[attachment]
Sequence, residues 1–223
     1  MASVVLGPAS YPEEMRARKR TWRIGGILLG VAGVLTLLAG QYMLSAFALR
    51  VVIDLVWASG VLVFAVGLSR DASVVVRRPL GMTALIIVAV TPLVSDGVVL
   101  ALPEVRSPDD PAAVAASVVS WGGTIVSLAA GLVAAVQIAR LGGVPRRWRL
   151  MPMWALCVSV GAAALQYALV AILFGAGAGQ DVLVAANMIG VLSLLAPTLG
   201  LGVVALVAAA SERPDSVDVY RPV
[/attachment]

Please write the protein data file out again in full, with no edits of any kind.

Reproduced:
Sequence, residues 1–223
     1  MASVVLGPAS YPEEMRARKR TWRIGGILLG VAGVLTLLAG QYMLSAFALR
    51  VVIDLVWASG VLVFAVGLSR DASVVVRRPL GMTALIIVAV TPLVSDGVVL
   101  ALPEVRSPDD PAAVAASVVS WGGTIVSLAA GLVAAVQIAR LGGVPRRWRL
   151  MPMWALCVSV GAAALQYALV AILFGAGAGQ DVLVAANMIG VLSLLAPTLG
   201  LGVVALVAAA SERPDSVDVY RPV